Lastly it should be recollected that the entire body of the fragments of tradition and literature belonging to northern Israel has come down to us through the channel of Judaean recensions.
During the reign of Edward, the title of superintendent was often adopted instead of bishop, and it will be recollected that John Knox was an honoured worker in England with the title of superintendent during this reign.
But while admitting that his means were sometimes unprincipled, it must be recollected that his real ends were high and noble.
He became silent, and I recollected myself only when it was too late.
But it is to be recollected that, according to Hume, an idea is actually a representation or individual picture, not a notion or even a schema, and that he never claims to be able to extract the predicate of a geometrical judgment by analysis of the subject.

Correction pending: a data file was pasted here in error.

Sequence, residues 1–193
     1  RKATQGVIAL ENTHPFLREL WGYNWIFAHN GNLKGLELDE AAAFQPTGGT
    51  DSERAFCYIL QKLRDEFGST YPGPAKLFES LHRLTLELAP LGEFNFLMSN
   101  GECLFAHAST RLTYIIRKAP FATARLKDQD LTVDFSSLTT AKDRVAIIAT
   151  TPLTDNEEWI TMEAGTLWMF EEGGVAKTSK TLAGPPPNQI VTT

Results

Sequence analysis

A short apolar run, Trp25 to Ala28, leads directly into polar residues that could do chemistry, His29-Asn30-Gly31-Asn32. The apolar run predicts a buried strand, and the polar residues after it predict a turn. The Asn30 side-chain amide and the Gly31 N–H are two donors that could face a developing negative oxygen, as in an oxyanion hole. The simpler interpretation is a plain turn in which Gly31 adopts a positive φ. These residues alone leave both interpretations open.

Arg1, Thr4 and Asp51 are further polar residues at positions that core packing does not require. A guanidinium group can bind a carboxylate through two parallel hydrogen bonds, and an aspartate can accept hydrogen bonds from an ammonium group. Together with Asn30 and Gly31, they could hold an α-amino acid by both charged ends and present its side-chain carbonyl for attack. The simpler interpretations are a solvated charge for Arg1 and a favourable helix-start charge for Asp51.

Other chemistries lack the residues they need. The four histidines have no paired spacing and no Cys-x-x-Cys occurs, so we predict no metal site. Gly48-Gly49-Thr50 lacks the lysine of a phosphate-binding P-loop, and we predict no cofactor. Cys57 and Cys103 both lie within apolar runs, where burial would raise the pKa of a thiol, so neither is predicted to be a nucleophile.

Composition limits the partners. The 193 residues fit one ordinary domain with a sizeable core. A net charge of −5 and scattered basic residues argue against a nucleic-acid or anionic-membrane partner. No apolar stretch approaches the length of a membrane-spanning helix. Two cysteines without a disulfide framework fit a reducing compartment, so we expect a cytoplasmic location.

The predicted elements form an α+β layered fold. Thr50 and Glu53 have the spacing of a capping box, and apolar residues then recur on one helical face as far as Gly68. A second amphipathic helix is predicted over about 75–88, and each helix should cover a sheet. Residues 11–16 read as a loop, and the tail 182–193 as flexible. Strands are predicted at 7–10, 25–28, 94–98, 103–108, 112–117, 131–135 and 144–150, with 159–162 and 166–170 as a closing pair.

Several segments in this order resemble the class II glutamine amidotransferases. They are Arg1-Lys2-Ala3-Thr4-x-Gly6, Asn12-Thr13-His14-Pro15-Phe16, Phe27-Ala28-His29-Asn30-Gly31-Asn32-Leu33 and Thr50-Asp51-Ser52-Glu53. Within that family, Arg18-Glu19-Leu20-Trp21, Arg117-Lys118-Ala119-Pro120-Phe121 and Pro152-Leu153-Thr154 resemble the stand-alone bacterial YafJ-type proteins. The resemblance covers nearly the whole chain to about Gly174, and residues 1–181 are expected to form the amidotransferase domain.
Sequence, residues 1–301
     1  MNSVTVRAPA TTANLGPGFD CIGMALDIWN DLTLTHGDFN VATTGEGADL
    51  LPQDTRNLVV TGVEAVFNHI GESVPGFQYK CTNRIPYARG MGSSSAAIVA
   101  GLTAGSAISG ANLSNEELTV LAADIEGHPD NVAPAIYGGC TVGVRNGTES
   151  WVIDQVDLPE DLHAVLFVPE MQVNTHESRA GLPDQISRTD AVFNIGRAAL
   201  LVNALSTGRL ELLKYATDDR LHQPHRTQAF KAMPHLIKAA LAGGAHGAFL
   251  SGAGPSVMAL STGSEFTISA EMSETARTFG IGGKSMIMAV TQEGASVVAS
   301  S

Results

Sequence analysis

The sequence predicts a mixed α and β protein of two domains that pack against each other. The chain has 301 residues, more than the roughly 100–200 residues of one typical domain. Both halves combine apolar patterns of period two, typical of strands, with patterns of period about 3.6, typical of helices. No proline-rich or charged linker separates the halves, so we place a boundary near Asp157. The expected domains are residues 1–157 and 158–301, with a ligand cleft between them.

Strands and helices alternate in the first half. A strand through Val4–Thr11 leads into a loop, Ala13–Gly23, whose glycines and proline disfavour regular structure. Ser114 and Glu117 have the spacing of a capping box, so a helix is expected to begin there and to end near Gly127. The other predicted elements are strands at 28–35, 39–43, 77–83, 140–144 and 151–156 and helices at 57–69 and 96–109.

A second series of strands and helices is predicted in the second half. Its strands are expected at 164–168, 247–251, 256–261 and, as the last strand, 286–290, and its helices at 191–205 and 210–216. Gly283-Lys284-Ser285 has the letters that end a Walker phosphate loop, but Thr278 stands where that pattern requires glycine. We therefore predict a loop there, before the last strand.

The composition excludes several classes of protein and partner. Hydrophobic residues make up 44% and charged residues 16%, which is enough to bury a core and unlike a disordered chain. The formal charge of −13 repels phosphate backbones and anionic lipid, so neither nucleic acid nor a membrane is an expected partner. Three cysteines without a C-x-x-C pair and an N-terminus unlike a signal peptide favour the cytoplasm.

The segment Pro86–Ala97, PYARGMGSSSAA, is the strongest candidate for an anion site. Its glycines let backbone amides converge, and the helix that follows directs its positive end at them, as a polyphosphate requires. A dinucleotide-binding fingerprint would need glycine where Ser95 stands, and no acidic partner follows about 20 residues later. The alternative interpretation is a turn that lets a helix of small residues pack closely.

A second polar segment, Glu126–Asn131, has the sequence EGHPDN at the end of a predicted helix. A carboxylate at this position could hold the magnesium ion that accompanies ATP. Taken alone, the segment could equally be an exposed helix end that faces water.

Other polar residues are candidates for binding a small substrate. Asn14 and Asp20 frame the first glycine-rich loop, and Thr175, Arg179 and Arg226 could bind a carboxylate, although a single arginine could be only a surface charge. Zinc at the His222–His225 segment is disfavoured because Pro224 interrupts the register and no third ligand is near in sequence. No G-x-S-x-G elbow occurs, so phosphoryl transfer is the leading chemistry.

I recollected myself and drove away that thought only when I found myself glowing with anger, but I did not sufficiently repent.
The occasion deserves to be recollected as one on which a prime minister, who was not also chancellor of the exchequer, has himself proposed the budget of the year.
The Conservative government, which thus fell, will be chiefly recollected for its remarkable concession to democratic principles by the passage of the Reform Act of 1867; but it deserves perhaps a word of praise for its conduct of war, a distant and unusual war.
On the following day, in virtue of a divinely induced forgetfulness, Ptolemy recollected nothing but the loyalty of the Jews to his throne.
The first session of the Aberdeen administration will be chiefly recollected for the remarkable budget which Gladstone brought forward.